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Need Help Making High Voltage Automatic Capacitor Discharge Circuit

Discussion in 'High Voltage' started by ZGrizzlyWord, Nov 19, 2011.

  1. ZGrizzlyWord

    ZGrizzlyWord New Member

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    Everything powered up when I plugged it in, but the SCR never fired. Should the diode allow or disallow current through the SCR? (the diode above the SCR)

    Thanks.
     
  2. gary350

    gary350 Well-Known Member

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    You can use an industrial mercury contactor it is a switch used as a relay I have several of these. You can buy these at your local industrial electrical supply company.

    Here is one rated 35 amps with a 24 VAC trigger only $30. Notice this is for 3 phase you can connect all 3 contactors in parallel to get 105 amps 600 VAC. You can not get any simpler than this and they are almost industructable.

    http://www.ebay.com/itm/WATLOW-MERC...768?pt=LH_DefaultDomain_0&hash=item5884458d80

    This one is rated 120 amps 600 volts. It is triggered by 120 VAC. Very simple.

    http://www.ebay.com/itm/MDI-235NO-1...&otn=3&po=LVI&ps=63&clkid=4736561968340127274

    Here is a cheap one $34 with a 24 volt trigger.

    http://www.ebay.com/itm/Durakool-Me...746?pt=LH_DefaultDomain_0&hash=item2a0ae6f59a

    You can also use a NL-7171 Mercury Ignitron Tube rated 15,000. volts 35,000. amps, 525 Meg Watts. I have 3 of these. I don't recall the trigger voltage but it is on the data sheet.

    http://www.rell.com/Pages/Product-Details.aspx?productId=187292
     
    Last edited: Dec 7, 2011
  3. alec_t

    alec_t Well-Known Member Most Helpful Member

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    You hopefully have the diac in series between the top of C2 and the SCR gate? Try increasing the value of C2 to, say, 47u (it may not hold enough charge to fire the SCR). Do you have the triggering spec from the datasheet?
    D2 (1N4006) should be polarised as shown in my previous post, to block current from R1 to the SCR. Its purpose is to 'short out' the damaging back-EMF generated when the coil current is switched off.
     
    Last edited: Dec 8, 2011
  4. dave

    Dave New Member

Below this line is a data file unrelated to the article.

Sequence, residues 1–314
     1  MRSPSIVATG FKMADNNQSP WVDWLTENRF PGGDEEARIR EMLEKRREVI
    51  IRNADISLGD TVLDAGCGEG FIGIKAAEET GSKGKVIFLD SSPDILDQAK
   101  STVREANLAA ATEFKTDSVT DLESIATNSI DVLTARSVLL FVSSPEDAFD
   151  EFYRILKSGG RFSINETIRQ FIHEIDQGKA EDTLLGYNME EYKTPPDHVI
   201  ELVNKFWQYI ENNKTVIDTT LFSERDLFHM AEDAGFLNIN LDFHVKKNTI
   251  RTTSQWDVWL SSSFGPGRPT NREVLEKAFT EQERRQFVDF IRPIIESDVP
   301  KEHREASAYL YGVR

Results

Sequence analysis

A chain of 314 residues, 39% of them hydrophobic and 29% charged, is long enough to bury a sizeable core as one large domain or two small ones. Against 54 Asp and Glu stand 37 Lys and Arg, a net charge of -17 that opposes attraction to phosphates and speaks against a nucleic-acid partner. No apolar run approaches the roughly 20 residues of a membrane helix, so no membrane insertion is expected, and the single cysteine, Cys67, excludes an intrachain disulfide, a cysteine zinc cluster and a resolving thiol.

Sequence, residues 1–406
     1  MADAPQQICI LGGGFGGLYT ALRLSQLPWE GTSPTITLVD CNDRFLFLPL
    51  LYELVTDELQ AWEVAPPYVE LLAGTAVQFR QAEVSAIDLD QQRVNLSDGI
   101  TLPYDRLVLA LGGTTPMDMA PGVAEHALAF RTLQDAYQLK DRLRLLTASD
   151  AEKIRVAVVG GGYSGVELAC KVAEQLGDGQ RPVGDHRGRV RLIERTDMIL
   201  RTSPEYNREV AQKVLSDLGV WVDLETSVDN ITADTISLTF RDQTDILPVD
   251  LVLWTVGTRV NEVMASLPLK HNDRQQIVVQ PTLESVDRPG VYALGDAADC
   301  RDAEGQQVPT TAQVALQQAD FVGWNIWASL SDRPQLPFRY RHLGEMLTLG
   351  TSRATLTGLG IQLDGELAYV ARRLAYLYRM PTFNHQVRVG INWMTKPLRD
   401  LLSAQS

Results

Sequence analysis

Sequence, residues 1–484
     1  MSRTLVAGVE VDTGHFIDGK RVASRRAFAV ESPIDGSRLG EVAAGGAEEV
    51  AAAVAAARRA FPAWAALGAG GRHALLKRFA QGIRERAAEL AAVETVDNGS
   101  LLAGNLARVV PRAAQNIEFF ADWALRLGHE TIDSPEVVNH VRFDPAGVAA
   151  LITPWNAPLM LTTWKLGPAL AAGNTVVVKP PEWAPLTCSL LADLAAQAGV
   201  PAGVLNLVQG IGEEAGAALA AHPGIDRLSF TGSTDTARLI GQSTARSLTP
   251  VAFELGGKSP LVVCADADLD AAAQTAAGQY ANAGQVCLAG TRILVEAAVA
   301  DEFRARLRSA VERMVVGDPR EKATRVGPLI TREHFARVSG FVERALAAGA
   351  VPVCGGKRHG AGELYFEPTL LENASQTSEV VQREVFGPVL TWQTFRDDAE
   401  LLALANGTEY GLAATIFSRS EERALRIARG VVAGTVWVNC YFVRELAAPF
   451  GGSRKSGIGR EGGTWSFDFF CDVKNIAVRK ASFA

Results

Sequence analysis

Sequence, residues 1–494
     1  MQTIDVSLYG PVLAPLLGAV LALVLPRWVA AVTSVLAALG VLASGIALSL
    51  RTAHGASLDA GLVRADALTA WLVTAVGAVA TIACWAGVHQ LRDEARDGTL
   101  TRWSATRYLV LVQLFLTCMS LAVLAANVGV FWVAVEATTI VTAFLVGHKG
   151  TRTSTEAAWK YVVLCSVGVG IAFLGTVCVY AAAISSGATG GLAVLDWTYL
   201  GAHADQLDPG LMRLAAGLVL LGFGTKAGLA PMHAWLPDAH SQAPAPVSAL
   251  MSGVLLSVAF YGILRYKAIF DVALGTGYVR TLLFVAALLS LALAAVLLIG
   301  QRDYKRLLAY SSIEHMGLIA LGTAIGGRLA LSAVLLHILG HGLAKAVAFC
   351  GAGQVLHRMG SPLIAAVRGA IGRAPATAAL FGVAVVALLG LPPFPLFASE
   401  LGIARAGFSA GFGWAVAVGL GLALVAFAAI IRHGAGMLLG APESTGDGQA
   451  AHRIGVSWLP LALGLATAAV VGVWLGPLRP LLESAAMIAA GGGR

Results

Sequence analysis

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  5. ZGrizzlyWord

    ZGrizzlyWord New Member

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    Ok, I decided to use a breadboard to try and debug this sucker. Here is what I can tell you:
    1) C1 is charging very quickly and reaches 185V rapidly (using 115 AC for now, will step up to 230V once I got this thing going). The green light means 185V is reached.
    2) C2 charges slowly, but always increases until it also reaches 185V.
    3) The red light was meant to simulate a load in-place of the inducer. The red light is brightest when the system is turned on, and turns off as C2 approaches 185V.
    4) I have reduced C1 from 680uF to 100uF to increase space on my breadboard.
    5) I have increased C2 from 10uF to 100uF to try and increase C2 like Alec mentioned
    6) I have increased R2 from 100kohm to 10mohm in an attempt to increase the R2*C2 time constant.

    Please see picture of breadboard. You will see the removed 100kohm R1 resistor is replaced with 820ohm resistor (trying to reduce the C1*R1 time constant), the 10uF capacitor and a potentiometer in the background. I also thought I might have a faulty SCR, so you see the new one with soildered leads and the old one laying on the wood.

    [​IMG]
     
  6. ZGrizzlyWord

    ZGrizzlyWord New Member

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    Here is the spec sheet:
    http://www.electro-tech-online.com/custompdfs/2011/12/Littelfuse_Thyristor_Sxx35x.pdf

    Here is the product page:
    http://www.mouser.com/Search/ProductDetail.aspx?R=S6035KTPvirtualkey57610000virtualkey576-S6035KTP
     
  7. alec_t

    alec_t Well-Known Member Most Helpful Member

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    According to the spec the gate needs at least 1.5V and somewhere between 5mA and 40mA to fire the SCR. It should be able to get that from C2 if things are wired ok. If the diac conducts to fire the SCR the voltage on C2 should never rise significantly above the diac breakdown voltage (~20V). Double-check the pin-out of the SCR and ensure its's wired 'right way round'. Doubl-check your breadboard wiring. Can you post the schematic of your present circuit, including the LEDs etc?
     
  8. ZGrizzlyWord

    ZGrizzlyWord New Member

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    Please see the schematic below. I accidentally had the SCR wired cathode as positive and anode as negative, but for the breadboard I got a new SCR and got the polarity right. Speaking of which, do you think the other SCR was damaged by the wrong polarity? Also, do you think maybe I should switch over to a solid state relay instead of the SCR? Thanks for the help.
    [​IMG]
     
  9. alec_t

    alec_t Well-Known Member Most Helpful Member

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    If you had the other scr reverse-polarised in the same circuit as shown above then less than 1mA of reverse current could have flowed through it and I think it's unlikely to have been harmed. That 1mA is probably insufficient to sustain conduction, so the new scr will only conduct for the very brief duration of the trigger pulse from the diac and you are unlikely to notice the red LED light up. The 2.2Meg resistor seems unnecessary.
     

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